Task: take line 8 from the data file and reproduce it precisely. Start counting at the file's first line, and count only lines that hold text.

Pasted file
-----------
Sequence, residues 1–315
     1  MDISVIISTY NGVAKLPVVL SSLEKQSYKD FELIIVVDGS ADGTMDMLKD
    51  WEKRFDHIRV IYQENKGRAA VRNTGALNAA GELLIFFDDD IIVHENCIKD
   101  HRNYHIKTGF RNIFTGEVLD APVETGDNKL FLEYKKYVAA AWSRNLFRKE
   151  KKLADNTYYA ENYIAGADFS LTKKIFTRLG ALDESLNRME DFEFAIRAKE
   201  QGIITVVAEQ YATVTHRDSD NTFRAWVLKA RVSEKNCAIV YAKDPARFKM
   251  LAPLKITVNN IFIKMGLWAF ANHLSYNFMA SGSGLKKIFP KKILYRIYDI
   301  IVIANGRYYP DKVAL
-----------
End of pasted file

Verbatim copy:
   301  IVIANGRYYP DKVAL